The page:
RUNNING, ON A ‘GRANDER’ SCALE
By JOHN J. BURO
FREEHOLD -If the New York City Marathon, now in its 48th year, is recognized as the granddaddy of all footraces, then consider what the Grand to Grand Ultra (G2G)- a six-stage, seven-day trek around the perimeter of the Grand Canyon- would be by comparison.
Envision running through parts of New York’s five boroughs, all 26.219 miles of a zig-zagged course, each day for a week. That would equate to running through the Utah and Arizona desert, from the north rim of the Canyon -one of the Seven Natural Wonders of the World- all the way to the Grand Staircase, which is listed on the organizer’s website as “one of the world’s most iconic geological formations”.
To be sure, that description was merely scratching the surface.
“The Grand to Grand Ultra is the first self-supported stage footrace ever to take place in America, on a world class course, that has been experienced by few brave adventurers.
“(It) takes you through a high desert landscape of sand dunes, red rock slot canyons, buttes, mesas and hoodoos. You will experience the remotest part of continental America as did the earliest settlers, Navajo and Paiute Indian tribes. This is where Montezuma’s gold is reputed to be buried.
“You will be immersed in an environment rich in flora and wildlife – from unusual and threatened cacti to big horn sheep to America’s largest bird, the endangered California Condor. Reliant on yourself and without the distractions of phones, laptops and social media you will experience an empowering and inspiring journey that is simply life changing.”
For a ‘grand’ total of 170 miles -all while toting a 20-pound backpack.
Now, some just enjoy running that much and, certainly, the awe-inspiring views don’t hurt. Others relish the two-fold competition; the one against the half-crazed field, each of whom put their respective bodies through intense mental and physical anguish, and the one against nature, itself, complete with all sorts of creepy-crawlies that can emerge -anytime, anywhere- from the vast wilderness.
Then, there are those like Joe Ippolito, a director in the Performance Metrics Group at Covance. The Princeton-based company is described as a “global contract research organization which has worked on all of the top 50 best-selling drugs available today through a full spectrum of nonclinical, clinical and commercialization services.”
Ippolito, 50, has been there more than a decade, long enough to realize how much of an impact his work -and that of the Covance team- has on the lives of others.
There’s one other thing people should know about him: he really doesn’t like to run.
Ippolito first met Jim Raffone three years ago in Manalapan (NJ), during JAR of Hope’s first Guinness world-record attempt for push-ups. Raffone was merely doing his thing, trying to raise both awareness and funding for research to combat Duchenne Muscular Dystrophy (DMD).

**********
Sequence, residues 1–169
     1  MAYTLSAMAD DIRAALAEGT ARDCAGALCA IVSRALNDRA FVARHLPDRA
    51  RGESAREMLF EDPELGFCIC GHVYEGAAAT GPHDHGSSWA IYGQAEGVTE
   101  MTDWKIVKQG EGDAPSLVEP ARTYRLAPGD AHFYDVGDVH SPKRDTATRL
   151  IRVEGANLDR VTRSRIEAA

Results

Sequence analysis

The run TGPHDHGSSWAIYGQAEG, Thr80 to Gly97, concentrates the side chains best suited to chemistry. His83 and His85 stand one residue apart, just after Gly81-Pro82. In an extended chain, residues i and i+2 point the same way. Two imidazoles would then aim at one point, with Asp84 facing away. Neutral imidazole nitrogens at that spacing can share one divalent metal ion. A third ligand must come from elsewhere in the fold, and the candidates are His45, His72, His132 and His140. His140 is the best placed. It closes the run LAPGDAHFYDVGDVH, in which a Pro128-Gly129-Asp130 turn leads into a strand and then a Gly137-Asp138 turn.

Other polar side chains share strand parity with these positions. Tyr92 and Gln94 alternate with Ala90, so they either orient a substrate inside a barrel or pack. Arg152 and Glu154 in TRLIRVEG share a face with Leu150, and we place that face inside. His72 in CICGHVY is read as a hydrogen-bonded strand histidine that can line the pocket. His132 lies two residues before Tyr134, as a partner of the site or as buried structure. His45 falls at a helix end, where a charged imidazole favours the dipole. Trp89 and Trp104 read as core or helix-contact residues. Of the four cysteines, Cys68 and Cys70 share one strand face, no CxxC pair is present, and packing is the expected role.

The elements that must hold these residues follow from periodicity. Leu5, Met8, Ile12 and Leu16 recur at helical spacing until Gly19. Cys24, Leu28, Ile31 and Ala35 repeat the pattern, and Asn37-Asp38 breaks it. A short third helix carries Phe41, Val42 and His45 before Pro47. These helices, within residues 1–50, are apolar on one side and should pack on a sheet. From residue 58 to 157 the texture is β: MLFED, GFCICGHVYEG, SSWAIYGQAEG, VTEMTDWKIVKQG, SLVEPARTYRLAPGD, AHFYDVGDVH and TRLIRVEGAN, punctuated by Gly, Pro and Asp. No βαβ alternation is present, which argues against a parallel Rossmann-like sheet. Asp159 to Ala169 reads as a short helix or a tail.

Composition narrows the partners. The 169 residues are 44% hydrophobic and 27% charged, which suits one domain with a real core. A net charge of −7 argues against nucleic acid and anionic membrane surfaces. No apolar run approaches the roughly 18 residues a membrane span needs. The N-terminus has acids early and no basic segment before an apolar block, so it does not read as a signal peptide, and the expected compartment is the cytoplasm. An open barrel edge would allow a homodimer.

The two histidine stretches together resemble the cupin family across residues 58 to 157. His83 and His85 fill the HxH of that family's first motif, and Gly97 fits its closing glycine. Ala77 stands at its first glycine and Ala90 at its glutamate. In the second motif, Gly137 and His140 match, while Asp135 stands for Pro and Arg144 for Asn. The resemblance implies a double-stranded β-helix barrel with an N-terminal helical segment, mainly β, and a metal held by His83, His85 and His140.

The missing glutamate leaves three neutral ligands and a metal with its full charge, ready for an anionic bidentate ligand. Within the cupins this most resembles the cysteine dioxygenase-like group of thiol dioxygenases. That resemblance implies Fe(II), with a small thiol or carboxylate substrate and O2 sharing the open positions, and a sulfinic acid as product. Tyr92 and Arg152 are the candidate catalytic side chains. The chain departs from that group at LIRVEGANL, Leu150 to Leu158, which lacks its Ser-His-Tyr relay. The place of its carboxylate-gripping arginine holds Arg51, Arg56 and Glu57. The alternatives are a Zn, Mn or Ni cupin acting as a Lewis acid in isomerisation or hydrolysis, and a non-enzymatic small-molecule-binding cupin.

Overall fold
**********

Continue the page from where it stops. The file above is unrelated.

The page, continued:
“His words were spoken from the heart, and inspiring, and reminded me yet again of what Covance does and its impact on people’s lives,” Ippolito recalled. “After the Guinness event, Jim and I got to know each other during a Spartan (obstacle course) race at Mountain Creek -on September 13, which was the two-year anniversary of (Jamesy’s) diagnosis.”
“My path, with Team Jamesy and Jim, really started on that day. I joined with him, and his cause, to help promote awareness wherever I could.”
That included last year’s G2G, which they ended one night after running from eight in the morning -logging more than 100 miles in all-, and only after Raffone was administered an IV bottle.
“I don’t like running -I really can’t stand it- but I do it because I can; the reality is, I have two legs that work,” Ippolito said. “I don’t do it to win; I do it because I am inspired by people, and there’s an opportunity to help. At an earlier JoH event, we had brought a child suffering from DMD across the finish line.
“As we completed this race, his father said, ‘Don’t tell me my son won’t ever cross a finish line’.”
Ippolito can relate to that father -and, of course, to Raffone. His own son, Michael, now 18, was diagnosed with Cerebral Palsy following a brain injury as a newborn and has spent a lifetime defying the odds.
“Every day, Michael reminds me that the simple things in life can be easily overlooked. The daily challenges he faces are nothing compared to most things people complain about.”
“Obviously, Jim’s life is a lot different,” Ippolito rationalized. “His son’s situation is life-threatening. As Jim will tell you, ‘Every hour counts; every day counts’.
Ippolito reminded that, through it all, Raffone has done his best to make those hours and days more meaningful.
Like ringing the closing bell at the New York Stock Exchange back in August, 2016. Or, speaking in front of the NY State Assembly this past June. Or, getting legislature approved for Duchenne Awareness Week (September 7-13) in New Jersey and from September 10-16 in the State of New York; and, now, the proclamations in the cities of Clearfield and Kaysville, Utah, which declared September 18 as Duchenne Muscular Dystrophy Day.
All in three short years.
While Ippolito’s job description has certainly played a huge role in his life, the challenges he has encountered as a parent have enabled him to fully appreciate why himself and Raffone do what they do.
Maybe, it was all part of the master plan.
Or, in his case, the grand plan.